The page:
Introducing Bill Krivachka, Garrison Diversion Board Member

Posted: Jun 09 2021
Bill Krivachka credits his early life experiences in arid Bowman, North Dakota,
with his enduring interest in water and weather. When he was growing up, Bowman County farmers averaged just 10 to 15 bushels of wheat per acre due to the dry conditions. His interest in precipitation followed him into his college years when he took a job with the early Weather Modification Program as a radar operator for rain enhancement and hail suppression.

Bill remains involved in North Dakota water issues as a Garrison Diversion Conservancy District Board Member, representing Traill County since 2002. “Robert ‘Bud’ Strand, the charter Director representing Traill County on the Garrison Diversion Board, was my friend and golfing partner. He encouraged me to replace him on the Garrison Diversion Board when he retired because of my interest in North Dakota water issues,” explains Bill.

He serves on Garrison Diversion’s Red River Valley Committee, which helps provide direction for the RRVWSP which will ensure a quality, reliable water supply to nearly half of the state’s population during moderate and severe droughts.

He says Traill County has benefited greatly from participation in the Garrison Diversion Conservancy District. “Traill has received Municipal, Rural and Industrial (MR&I) Water Supply Program funds to make enhancements to the Traill Rural Water delivery system. The County has also received matching grant funds for playground equipment, community park picnic facility/bathroom enhancements, Goose River boat launch and dock, nature trail improvements, and Rainbow Garden enhancements through Garrison Diversion’s Matching Recreation Grant Program,” says Bill.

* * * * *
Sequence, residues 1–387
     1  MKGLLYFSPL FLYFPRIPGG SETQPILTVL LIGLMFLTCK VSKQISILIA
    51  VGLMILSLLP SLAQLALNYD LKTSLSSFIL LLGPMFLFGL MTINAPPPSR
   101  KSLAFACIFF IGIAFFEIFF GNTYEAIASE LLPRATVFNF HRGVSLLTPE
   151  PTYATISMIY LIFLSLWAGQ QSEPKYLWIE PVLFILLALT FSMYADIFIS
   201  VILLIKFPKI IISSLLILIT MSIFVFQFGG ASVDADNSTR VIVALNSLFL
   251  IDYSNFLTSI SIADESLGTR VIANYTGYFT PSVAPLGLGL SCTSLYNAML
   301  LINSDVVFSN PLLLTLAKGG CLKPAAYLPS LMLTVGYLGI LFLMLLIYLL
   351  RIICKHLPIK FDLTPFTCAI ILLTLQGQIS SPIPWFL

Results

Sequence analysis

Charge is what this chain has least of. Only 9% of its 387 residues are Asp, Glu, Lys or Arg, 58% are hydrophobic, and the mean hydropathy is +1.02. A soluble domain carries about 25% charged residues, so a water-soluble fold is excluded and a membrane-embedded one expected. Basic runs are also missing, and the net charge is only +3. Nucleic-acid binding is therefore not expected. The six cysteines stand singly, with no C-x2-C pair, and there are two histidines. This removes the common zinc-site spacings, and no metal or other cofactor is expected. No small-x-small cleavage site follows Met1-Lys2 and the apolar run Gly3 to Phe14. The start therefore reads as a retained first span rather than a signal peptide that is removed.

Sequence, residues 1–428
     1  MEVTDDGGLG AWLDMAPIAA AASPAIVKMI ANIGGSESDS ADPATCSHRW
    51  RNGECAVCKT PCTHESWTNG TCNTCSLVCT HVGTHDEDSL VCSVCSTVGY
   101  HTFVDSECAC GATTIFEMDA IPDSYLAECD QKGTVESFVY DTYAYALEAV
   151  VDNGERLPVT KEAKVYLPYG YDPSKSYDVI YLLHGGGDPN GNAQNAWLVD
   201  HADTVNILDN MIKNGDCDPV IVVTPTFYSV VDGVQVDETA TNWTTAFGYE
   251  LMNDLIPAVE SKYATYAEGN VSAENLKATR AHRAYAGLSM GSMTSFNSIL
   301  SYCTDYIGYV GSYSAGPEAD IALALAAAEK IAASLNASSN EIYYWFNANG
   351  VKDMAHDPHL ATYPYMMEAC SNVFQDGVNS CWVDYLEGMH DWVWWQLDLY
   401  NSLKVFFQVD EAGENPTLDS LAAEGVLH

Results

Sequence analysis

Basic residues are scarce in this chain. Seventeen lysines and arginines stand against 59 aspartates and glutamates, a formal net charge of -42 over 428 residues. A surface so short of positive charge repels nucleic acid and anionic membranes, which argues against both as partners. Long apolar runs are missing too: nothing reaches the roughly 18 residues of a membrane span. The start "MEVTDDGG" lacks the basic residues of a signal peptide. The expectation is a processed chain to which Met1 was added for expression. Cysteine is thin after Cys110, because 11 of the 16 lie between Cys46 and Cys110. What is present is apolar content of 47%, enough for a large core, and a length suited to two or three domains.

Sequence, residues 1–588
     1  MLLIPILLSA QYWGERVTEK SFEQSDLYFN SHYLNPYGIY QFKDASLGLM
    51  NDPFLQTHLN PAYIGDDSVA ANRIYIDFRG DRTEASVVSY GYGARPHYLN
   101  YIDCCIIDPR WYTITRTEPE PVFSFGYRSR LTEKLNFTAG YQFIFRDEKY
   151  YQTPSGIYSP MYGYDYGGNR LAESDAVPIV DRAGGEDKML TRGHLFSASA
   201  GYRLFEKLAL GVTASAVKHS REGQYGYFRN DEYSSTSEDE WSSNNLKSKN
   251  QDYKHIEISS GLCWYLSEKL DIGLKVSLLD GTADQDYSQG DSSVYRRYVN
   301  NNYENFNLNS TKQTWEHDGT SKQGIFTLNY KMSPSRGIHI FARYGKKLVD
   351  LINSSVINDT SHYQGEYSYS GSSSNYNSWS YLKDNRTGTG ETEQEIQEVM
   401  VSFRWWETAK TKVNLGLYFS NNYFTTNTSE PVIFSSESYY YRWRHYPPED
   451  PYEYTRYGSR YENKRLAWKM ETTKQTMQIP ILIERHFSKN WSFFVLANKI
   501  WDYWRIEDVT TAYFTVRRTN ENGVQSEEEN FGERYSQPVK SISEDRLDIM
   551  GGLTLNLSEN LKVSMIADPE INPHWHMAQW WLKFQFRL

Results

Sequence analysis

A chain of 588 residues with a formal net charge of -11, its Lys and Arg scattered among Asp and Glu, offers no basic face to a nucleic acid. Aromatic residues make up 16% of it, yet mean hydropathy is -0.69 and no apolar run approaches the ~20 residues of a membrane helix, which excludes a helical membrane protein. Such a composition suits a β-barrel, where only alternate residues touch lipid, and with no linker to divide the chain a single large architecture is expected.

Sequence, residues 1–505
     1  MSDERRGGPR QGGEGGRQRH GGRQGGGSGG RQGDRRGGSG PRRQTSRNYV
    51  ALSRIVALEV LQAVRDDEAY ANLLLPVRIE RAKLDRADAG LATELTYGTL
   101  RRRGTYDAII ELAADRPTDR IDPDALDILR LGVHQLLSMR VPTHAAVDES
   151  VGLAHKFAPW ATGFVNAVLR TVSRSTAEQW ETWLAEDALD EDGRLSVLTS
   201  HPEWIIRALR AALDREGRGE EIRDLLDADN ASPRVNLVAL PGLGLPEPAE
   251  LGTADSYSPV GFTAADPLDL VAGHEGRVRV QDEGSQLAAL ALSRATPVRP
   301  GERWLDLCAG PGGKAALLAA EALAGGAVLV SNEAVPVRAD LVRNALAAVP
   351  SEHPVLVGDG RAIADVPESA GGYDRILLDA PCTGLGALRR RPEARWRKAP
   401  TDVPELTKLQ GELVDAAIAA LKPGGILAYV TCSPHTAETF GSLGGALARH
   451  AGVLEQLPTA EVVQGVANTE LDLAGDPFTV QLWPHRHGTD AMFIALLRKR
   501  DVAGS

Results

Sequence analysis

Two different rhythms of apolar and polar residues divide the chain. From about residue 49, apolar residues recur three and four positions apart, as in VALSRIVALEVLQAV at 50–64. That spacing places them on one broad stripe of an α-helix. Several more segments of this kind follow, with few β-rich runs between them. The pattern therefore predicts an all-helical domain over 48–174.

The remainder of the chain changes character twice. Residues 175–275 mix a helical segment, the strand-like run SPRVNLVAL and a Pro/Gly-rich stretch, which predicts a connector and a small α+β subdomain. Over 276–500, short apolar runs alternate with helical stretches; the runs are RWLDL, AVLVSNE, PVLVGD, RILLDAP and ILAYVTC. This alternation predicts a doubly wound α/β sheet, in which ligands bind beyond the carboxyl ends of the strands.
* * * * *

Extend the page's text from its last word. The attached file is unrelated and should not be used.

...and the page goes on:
After 26 years with Goose River Dental Association, Bill retired from his career as a Dentist. He also previously served as the Executive Director for the Mayville State University Foundation and spent a decade as the Director of a grant program through the University of North Dakota School of Medicine and the University’s Center for Rural Health to place allied health in rural North Dakota communities.

Bill is married to his wife Heidi who is a retired occupational therapist and an accomplished quilter. The couple is very proud of their four married daughters and five grandchildren. In his free time, Bill enjoys hunting, fishing, golfing, andresearching his Ukrainian heritage.